Combining dramatic content of four Eugene O’Neill one-act plays, John Ford pilots adventures of a tramp steamer from the West Indies to an American port, and then across the Atlantic with cargo of high explosives. Picture is typically Fordian, his direction accentuating characterizations and adventures of the voyage.
Story plods along at slow tempo, making onlookers wonder when ship will finally make an English port safely. There’s a rather confusing passage in which Ian Hunter, as a deckhand, is pictured as an enemy spy, and although he is finally cleared, nothing explains his actions that lead to original suspicions.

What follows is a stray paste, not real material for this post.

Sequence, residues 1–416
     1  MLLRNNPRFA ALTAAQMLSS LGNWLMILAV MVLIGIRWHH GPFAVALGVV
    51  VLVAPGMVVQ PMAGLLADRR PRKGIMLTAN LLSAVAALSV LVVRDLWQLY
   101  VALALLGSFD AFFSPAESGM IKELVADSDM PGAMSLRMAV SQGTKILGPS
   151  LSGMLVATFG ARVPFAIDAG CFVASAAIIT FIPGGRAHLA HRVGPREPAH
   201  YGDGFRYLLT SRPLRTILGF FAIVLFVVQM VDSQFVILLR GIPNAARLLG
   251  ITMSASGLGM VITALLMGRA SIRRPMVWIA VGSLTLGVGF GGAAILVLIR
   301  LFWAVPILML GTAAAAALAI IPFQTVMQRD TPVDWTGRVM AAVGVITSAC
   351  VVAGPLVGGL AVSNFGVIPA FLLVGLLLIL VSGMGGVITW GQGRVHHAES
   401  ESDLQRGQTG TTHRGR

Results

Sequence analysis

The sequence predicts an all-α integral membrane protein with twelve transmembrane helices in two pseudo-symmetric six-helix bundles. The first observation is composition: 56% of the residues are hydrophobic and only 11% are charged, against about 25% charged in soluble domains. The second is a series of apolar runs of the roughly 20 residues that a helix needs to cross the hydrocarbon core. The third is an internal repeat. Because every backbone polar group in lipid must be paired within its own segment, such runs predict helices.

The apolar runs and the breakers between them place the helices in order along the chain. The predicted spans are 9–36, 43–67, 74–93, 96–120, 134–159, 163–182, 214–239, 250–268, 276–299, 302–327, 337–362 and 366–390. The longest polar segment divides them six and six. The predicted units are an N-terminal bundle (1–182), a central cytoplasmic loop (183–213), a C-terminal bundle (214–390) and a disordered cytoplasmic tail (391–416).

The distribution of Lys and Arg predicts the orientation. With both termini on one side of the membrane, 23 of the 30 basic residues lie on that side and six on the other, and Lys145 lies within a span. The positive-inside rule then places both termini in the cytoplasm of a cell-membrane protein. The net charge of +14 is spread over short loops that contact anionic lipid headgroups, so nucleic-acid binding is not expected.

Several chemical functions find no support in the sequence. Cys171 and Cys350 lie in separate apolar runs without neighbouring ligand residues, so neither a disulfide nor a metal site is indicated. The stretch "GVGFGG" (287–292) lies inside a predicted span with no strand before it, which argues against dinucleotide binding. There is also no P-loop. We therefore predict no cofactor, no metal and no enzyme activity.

Aside from explosive cargo aboard, little interest is generated in final safety of crew, as yarn points out they are all men of the sea, who will ship out again soon as pay evaporates; all but John Wayne, who wants a nestegg for a farm in Sweden.
Along the voyage there’s plenty of dialog and action in the crew’s quarters, with Thomas Mitchell the accepted leader of the group. Storm at sea, in which ship’s anchor breaks loose, is particularly realistic. Passage through the submarine zone with blackout restrictions is more informative than dramatic. Stuka-bombing and machine-gunning of the ship in sight of land is a dramatic excuse for heroic death of Hunter just before landing.
Mitchell hits a high mark in the seaman’s character – two-fisted, domineering, and still kindly and loyal to his pals. Wayne’s role is submerged among the sailor characters.
1940: Nominations: Best Picture, Screenplay, B&W Cinematography, Editing, Original Score